I apologize for going on about it, but a valid point is that misdirection can be and is used by those with dishonest intent. Then again, focusing closely on an identified threat has obvious benefits. How does one make decisions about what to focus on, and to what extent? Is there a way to recognize misdirection? How do we train our minds to see the larger picture without losing focus on the identified threat?
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Old March 4, 2010, 12:41 PM   #8
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Quote:
Is there a way to recognize misdirection?
Ah, and therein lies the problem. It's the
the reason why optical illusions work. We
are hard wired to ignore certain
information.
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Old March 4, 2010, 01:08 PM   #9
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Quote:
The card trick is largely a case of misdirection; i.e., we are induced to concentrate on the cards and so we miss the other aspects of what we are seeing. This is a staple in "magic" acts
It's also a staple in several types of crime, especially for pickpockets.
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Old March 4, 2010, 01:13 PM   #10
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Great thread

I have to say that this is by far the best thread I have seen in recent years on a tactical forum.....Kudos to you pax.

Since "combat" (combat, in my definition, relates to not only military style warfare but to any life or death or potential life or death situation) truly is 3 parts mental/psychological to 1 part physical (Napoleon said it first, not me ), being in a heightened state of awareness is absolutely vital in a combat type environment (or avoiding such an occurrence altogether or simply in living your day to day life as an alert and prepared human, not as a sheep.)

The concept of being in a perpetual state of heightened awareness can be described as being "situational" or subjective to your environment. By that I mean according to what situation you find yourself in typically dictates your level of awareness. None of us, even the most tactically proficient, trained and experienced, are using the same level of awareness while sitting at our dining room table as we are while walking in a dark parking garage.

Our brains will usually fail to fully compute the full spectrum of our surrounding environments (every movement, color, smell, sound etc...) as that would cause information overload and we would not be able to function. Secret Service agents, for instance, do not scan every single face, motion, movement and person in a crowd. They will scan the environment in sectors and allow their instincts (based on intense training and natural abilities) to immediately alert them to potential danger signs. With repetitive training they learn to recognize in a flash what is danger and what is not and then they act on that information. (Acting on the information is equally important as being alert enough to see it in the first place.)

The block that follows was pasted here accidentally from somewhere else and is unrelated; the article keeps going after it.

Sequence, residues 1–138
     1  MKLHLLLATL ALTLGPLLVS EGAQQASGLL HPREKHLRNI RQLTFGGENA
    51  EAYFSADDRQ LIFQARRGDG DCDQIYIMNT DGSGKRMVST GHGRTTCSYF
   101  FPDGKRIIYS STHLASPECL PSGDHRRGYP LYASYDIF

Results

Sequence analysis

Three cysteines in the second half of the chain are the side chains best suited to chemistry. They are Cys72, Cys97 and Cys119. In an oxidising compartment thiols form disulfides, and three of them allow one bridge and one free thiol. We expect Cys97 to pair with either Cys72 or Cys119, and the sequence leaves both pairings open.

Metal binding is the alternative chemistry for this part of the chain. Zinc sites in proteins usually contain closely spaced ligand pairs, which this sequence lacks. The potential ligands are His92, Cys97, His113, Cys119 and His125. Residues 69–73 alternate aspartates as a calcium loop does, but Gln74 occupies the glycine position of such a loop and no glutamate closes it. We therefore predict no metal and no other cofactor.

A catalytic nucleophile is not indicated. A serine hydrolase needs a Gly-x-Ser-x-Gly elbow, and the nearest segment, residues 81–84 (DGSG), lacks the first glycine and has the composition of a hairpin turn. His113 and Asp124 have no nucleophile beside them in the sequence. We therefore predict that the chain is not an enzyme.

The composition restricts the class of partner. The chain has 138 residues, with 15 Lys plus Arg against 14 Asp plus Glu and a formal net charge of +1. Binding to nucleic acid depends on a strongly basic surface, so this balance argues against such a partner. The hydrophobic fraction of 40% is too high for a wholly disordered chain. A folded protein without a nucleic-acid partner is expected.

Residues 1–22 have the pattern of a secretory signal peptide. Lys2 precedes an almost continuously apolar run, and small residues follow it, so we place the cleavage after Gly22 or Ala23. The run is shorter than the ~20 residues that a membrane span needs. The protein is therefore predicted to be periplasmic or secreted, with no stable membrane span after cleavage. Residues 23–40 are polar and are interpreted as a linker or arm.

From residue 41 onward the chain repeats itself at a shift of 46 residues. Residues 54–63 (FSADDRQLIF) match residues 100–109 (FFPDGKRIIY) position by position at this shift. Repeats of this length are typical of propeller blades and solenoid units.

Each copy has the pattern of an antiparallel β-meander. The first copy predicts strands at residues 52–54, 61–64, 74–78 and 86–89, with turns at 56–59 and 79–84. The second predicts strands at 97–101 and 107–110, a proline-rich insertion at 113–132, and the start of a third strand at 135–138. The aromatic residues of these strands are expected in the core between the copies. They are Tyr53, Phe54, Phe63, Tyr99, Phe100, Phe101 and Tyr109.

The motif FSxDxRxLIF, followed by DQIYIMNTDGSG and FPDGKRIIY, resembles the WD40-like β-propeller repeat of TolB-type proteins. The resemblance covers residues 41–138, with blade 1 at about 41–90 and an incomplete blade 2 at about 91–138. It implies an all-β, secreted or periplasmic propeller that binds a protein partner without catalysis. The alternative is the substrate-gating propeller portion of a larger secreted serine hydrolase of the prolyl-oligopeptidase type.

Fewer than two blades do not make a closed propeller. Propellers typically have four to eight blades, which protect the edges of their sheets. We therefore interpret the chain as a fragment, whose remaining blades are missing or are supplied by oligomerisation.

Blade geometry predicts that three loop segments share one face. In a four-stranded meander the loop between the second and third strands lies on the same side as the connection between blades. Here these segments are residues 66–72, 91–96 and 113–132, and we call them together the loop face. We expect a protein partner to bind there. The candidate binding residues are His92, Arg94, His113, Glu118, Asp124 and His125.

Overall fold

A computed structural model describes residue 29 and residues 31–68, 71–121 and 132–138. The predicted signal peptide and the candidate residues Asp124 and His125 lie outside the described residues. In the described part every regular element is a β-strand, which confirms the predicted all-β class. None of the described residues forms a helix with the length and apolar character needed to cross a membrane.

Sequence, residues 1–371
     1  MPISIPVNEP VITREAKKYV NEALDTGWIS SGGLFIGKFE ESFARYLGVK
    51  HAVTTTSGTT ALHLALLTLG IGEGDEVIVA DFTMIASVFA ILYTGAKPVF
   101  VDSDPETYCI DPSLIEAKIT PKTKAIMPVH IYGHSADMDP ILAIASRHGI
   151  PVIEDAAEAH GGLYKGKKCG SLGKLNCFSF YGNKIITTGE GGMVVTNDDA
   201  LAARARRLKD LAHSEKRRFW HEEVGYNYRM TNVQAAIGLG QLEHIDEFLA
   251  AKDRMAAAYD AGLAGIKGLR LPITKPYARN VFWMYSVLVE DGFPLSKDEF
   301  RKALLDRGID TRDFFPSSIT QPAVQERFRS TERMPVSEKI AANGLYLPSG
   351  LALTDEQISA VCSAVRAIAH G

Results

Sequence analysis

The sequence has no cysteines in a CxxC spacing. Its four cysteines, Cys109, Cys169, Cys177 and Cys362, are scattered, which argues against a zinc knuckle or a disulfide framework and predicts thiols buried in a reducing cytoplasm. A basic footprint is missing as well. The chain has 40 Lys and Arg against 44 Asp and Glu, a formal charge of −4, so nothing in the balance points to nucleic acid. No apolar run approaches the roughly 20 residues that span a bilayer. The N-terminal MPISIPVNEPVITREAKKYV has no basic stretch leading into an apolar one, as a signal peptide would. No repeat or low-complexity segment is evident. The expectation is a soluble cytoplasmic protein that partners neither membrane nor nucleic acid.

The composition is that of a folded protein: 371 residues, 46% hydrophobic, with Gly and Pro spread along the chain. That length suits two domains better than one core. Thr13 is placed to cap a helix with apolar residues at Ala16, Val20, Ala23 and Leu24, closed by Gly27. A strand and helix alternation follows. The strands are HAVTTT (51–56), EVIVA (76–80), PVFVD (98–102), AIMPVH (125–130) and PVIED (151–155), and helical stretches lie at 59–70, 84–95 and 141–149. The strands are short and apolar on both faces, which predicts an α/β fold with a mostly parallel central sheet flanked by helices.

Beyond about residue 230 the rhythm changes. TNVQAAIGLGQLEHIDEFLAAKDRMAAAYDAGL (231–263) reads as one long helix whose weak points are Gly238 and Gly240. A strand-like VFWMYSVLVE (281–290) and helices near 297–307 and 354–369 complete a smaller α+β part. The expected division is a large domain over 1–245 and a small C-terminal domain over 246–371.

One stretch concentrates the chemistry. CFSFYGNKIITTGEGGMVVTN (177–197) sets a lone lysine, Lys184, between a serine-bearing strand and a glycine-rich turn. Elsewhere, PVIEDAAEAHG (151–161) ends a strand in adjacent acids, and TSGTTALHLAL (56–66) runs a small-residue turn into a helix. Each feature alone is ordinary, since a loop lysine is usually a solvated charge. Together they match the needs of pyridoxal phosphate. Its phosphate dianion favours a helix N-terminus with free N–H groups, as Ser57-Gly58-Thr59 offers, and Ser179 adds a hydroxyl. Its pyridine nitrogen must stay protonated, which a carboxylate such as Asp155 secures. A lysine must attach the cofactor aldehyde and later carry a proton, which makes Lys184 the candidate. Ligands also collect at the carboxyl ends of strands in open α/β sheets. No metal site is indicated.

If we try to tell ourselves that there is something wrong with us when we fail to notice every element and change in our surrounding environment, we are mistaken.

To have an effective "Combat Mindset" you do not need to see and hear and feel everything. You simply need to use your training (awareness and mindset training that is), your natural "awareness abilities" and skill sets (if you posses them or even know you posses them) and then you need to make sure you do not ignore the warning signs, no matter how small or seemingly foolish they may seem.

We can always improve our awareness and focus. Even walking down the street you can read license plates of vehicles passing by or describe the clothing (to yourself of course) of people walking near you. These basic exercises help to create a form of mental muscle memory that will help you see the details when you need it most.

Again, GREAT thread. A true breath of fresh air to read.
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Old March 4, 2010, 03:40 PM   #11
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Quote:
It's also a staple in several types of crime, especially for pickpockets.
And for more violent criminal efforts - the home invader who rings the front doorbell while the partner crowbars the back door or window is a simple example. I tried to convey that, but apparently wasn't plain enough.

Re the suggestion to practice reading license plates, car makes, and clothing on people passing by, I would be afraid that such practice would make me more attentive to details and less perceptive of the big picture, and therefore perhaps more susceptible to misdirection.

In another thread, a scenario was present in which a woman was robbed in a WalMart parking lot, and some folks chimed in that she should have had better awareness (which to me is a version of "blame the victim"). I answered with a scenario describing half a dozen or so people in the parking lot, one of which pulled a pistol when only a few feet from her. That is not an unrealistic scenario. We can't give full attention in several directions at once, or else it isn't "full" attention. And very often there is more than one person in sight. When you scan from person to person, there is necessarily a few moments of inattention to each, with each afforded an opportunity for a surprise action. Some folks don't seem to get that. Is the answer just to make our scans more rapid? What happens when someone deliberately sets up a diversion? That is unlikely in a parking lot, but not impossible in some other situations. How do we decide what is a diversion that we pass over and what is a real threat to which we give our full attention? Does anything ever get our full attention? If not, what about the research that shows how much better LEOs are when they are trained and experienced enough to focus on the gun hand of an assailant? Tough thing for this amateur to sort out.